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SEC Filings

CINEMARK HOLDINGS, INC. filed this Form 10-K on 02/23/2018
Entire Document

Utilities and other costs include both fixed and variable costs and primarily consist of utilities, expenses for projection and sound equipment maintenance and monitoring, property taxes, janitorial costs, repairs, maintenance and security services.

General & administrative expenses are primarily fixed in nature and consists of the costs to support the overall management of the Company, including salaries and wages, incentive compensation and benefit costs for our corporate office personnel, facility expenses for our corporate offices, professional fees, audit fees, general supplies and other costs that are not specifically associated with the operations of our theatres.

Critical Accounting Policies

We prepare our consolidated financial statements in conformity with generally accepted accounting principles in the U.S., or U.S. GAAP. As such, we are required to make certain estimates and assumptions that we believe are reasonable based upon the information available. These estimates and assumptions affect the reported amounts of assets and liabilities at the date of the financial statements and the reported amounts of revenues and expenses during the periods presented. The significant accounting policies, which we believe are the most critical to aid in fully understanding and evaluating our reported consolidated financial results, include the following:

Revenue and Expense Recognition

Revenues are recognized when admissions and concession sales are received at the box office. Other revenues primarily consist of screen advertising. Screen advertising revenues are recognized over the period that the related advertising is delivered on-screen or in-theatre. We record proceeds from the sale of gift cards and other advanced sale-type certificates in current liabilities and recognize admissions or concession revenue when a holder redeems the card or certificate. We recognize unredeemed gift cards and other advanced sale-type certificates as revenue only after such a period of time indicates, based on historical experience, the likelihood of redemption is remote, and based on applicable laws and regulations. In evaluating the likelihood of redemption, we consider the period outstanding, the level and frequency of activity, and the period of inactivity. See “Impact of Recent Accounting Developments” below.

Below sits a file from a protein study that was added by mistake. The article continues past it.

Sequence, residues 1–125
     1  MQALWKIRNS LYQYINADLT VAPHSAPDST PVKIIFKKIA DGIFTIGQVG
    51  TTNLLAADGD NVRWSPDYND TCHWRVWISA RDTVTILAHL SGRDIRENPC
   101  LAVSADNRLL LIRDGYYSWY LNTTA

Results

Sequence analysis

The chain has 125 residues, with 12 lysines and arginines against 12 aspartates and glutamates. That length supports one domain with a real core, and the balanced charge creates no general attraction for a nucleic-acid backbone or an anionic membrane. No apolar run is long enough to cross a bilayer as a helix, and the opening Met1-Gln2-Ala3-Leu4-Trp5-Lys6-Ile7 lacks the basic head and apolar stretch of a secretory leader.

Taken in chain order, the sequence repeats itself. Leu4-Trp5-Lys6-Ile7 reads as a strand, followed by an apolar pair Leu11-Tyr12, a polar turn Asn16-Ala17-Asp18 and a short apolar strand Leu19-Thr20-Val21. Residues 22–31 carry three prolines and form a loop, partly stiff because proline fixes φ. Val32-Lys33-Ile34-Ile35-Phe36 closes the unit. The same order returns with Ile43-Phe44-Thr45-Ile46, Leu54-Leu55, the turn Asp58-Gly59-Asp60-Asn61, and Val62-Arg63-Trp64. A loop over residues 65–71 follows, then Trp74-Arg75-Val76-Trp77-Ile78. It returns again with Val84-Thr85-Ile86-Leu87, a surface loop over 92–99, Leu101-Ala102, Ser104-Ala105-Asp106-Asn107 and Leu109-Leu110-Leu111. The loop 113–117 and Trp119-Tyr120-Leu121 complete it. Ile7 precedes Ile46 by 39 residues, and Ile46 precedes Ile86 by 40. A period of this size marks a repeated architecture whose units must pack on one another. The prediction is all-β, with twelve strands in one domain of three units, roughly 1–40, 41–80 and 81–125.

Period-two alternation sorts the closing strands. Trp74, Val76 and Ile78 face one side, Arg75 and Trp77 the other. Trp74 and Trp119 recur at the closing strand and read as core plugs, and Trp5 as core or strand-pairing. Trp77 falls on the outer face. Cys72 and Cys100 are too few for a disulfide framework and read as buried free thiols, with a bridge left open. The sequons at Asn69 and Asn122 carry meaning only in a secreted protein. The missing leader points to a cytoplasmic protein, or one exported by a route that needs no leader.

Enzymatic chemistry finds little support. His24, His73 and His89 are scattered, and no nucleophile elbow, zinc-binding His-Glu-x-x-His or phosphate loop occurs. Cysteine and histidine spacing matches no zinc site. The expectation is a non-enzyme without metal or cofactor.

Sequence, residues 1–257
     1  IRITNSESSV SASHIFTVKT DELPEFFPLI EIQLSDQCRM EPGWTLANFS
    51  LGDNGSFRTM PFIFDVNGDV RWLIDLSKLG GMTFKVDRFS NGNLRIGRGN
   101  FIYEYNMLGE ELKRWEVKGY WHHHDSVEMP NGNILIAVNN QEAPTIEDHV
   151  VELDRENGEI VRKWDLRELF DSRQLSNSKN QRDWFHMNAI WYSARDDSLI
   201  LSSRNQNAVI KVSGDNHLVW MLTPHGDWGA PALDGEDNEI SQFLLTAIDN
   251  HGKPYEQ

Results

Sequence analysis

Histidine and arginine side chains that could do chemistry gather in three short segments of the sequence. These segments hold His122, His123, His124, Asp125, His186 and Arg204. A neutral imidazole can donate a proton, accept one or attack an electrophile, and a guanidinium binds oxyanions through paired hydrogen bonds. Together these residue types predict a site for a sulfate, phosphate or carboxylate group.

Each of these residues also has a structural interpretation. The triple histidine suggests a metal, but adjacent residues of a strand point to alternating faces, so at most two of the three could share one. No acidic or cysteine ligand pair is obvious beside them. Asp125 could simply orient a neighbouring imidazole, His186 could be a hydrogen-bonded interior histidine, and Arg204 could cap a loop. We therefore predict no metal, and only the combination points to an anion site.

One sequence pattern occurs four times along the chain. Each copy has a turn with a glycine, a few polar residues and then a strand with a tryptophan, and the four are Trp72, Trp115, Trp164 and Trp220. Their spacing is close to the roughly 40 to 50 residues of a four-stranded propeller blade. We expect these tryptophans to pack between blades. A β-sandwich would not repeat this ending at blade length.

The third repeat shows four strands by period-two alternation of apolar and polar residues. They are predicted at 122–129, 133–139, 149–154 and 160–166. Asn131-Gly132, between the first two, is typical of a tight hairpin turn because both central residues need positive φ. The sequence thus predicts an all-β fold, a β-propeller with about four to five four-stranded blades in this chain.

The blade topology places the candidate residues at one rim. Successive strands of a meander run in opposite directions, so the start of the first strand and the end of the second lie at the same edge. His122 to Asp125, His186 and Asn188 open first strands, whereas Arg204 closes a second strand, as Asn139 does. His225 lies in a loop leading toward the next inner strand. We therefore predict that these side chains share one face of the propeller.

Film rental costs are accrued based on the applicable box office receipts and either firm terms or a sliding scale formula, which are generally established prior to the opening of the film, or estimates of the final settlement rate, which occurs at the conclusion of the film run, subject to the film licensing arrangement. Under a firm terms formula, we pay the distributor a percentage of box office receipts, which reflects either an aggregate rate for the life of the film or rates that decline over the term of the run. Under a sliding scale formula, we pay a percentage of box office revenues using a pre-determined matrix that is based upon box office performance of the film. The settlement process allows for negotiation of film rental fees upon the conclusion of the film run based upon how the film performs. Estimates are based on the expected success of a film. The success of a film can typically be determined a few weeks after a film is released when initial box office performance of the film is known. If actual settlements are different than those estimates, film rental costs are adjusted at that time. Our advertising costs are expensed as incurred.

Facility lease expense is primarily a fixed cost at the theatre level as most of our facility leases require a fixed monthly minimum rent payment. Certain of our leases are subject to monthly percentage rent only, which is accrued each month based on actual revenues. Certain of our other theatres require payment of percentage rent in addition to fixed monthly rent if an annual target revenue level is achieved. Percentage rent expense is estimated and recorded for these theatres on a monthly basis if the theatre’s historical performance or forecasted performance indicates that the annual target revenue level will be reached. Once annual revenues are known, which is generally at the end of the year, the percentage rent expense is adjusted at that time. We record the fixed minimum rent payments on a straight-line basis over the lease term.

Theatre properties and equipment are depreciated using the straight-line method over their estimated useful lives. In estimating the useful lives of our theatre properties and equipment, we have relied upon our experience with such assets and our historical replacement period. We periodically evaluate these estimates and assumptions and adjust them as necessary. Adjustments to the expected lives of assets are accounted for on a prospective basis through depreciation expense. Leasehold improvements for which we pay and to which we have title are amortized over the lesser of useful life or the lease term.